Toro Y Moi Approaches Funk with Flare on ‘Outer Peace’

Chaz Bear, known by his stage persona as Toro Y Moi, is an instrumentalist with translucent ability. The light surrounding the supporting guitars, synths, drums, and his light, airy voice all are swaddled by the sphere of sound he’s able to capture. A musician noted by an iconic star such as Tyler, The Creator is sure to have some ability that is worth peering attention towards.

Listeners may have noticed the shift in tone and perspective throughout the years that Bear has approached. Each of his works demonstrates a tweak in the direction he takes.

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One of his first albums, Causers of This (2010), was a nice compilation of flavorful vignettes that ranged in quality that seemed to stretch beyond the common man’s understanding of sound. The album was an alternative portrait of dance-inspired rhythms and ethereal sound bounces that haven’t been toiled much before the album release.

Compare that album with his collaborative album with Jazz duo, The Mattson 2. Live From Trona trod the path more based on live instrumentation, with heavy focuses on Alternative Rock and Electronica.


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Outer Peace is Bear’s effort to streak the substances of outer space. The synths and snares all emphasize extraterrestrial grooves that substitute well for the various genres that are apparent in this album.

Outer Peace reigns strong with ten tracks that allow Bear to venture into his Funk-influenced persona and assimilate the genre into the modern platform of Pop, Trap, R&B, and Electronic music.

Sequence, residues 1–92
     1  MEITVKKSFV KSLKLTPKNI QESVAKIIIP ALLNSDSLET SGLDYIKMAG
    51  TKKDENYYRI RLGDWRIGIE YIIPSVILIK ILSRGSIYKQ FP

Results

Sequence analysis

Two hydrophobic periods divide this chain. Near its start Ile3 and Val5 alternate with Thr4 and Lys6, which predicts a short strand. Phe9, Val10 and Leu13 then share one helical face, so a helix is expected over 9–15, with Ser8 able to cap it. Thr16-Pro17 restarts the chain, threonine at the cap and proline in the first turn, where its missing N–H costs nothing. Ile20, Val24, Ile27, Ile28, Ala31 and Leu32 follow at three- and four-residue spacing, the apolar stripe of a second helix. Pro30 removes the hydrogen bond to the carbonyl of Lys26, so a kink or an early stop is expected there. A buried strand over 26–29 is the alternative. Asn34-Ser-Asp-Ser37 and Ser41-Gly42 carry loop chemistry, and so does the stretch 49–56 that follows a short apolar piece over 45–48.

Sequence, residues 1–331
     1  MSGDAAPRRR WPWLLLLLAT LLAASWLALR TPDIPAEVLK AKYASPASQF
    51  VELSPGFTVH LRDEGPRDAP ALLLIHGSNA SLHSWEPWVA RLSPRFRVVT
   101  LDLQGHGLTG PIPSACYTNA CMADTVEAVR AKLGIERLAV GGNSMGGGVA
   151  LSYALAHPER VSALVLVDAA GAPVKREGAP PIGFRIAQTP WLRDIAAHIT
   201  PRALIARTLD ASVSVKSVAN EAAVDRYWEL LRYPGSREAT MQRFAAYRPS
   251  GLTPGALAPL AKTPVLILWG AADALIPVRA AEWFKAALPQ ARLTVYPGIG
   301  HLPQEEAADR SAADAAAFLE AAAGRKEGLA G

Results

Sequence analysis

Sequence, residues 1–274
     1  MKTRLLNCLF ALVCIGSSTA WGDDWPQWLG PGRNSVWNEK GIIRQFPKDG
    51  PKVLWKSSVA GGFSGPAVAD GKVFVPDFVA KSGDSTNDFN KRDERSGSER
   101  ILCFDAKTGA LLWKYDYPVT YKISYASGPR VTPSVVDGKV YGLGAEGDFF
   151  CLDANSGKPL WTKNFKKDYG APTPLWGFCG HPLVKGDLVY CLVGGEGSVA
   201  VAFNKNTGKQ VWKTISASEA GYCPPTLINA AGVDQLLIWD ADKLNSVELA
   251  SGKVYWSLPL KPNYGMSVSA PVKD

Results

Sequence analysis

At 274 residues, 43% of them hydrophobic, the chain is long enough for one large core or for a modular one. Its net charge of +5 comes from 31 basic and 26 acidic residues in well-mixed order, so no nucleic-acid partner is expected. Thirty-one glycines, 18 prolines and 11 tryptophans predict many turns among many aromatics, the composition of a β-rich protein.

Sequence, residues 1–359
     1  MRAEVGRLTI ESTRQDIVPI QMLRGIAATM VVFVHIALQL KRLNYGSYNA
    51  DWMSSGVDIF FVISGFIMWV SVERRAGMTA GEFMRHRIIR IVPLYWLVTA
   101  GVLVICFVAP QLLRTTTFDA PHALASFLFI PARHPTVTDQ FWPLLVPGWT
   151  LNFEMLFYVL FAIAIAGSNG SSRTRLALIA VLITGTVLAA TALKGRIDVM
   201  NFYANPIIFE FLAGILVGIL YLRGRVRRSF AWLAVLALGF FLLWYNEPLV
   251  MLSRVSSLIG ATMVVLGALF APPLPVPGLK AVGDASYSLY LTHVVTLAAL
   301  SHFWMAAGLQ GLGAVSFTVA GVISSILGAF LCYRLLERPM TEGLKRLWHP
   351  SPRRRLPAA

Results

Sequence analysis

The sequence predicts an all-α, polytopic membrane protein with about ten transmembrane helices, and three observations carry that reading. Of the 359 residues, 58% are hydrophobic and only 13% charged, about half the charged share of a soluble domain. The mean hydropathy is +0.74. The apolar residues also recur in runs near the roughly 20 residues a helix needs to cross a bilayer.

Ordinary Pleasure is a personal favorite from the album. The track curdles its vibrations with electronic grooves that bounce along a crenulated pattern. Included with the grooves is Bear’s chorus that stays on point with the tempo. His chorus pounces towards a gushing hook that only a light voice like his could rarefy a beat like this.


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A similar track that follows that same path is the track Who Am I. Although wrapped with more Pop appeal, it still utilizes the extraterrestrial grooves that made Ordinary Pleasure such an appealing tune.

As Ordinary Pleasure follows that path, a song like Monte Carlo follows the sound of Atlanta Trap and R&B. The conventional Trap bass is supported by harmonizing hooks, airy chords, and both Bear and WET’s vocal and lyrical hooks. The song New House follows a similar Trap path, although emphasizing more on Bear’s use of soft, quiet synthesizers.


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With typical Toro Y Moi approach, there is an eclectic collection of modern textures to dazzle at and flavors to enjoy. It’s always exciting to see what other sounds he’ll approach next. Due to that statement, Chaz Bear has much power in his grip and much love to give to his listeners.






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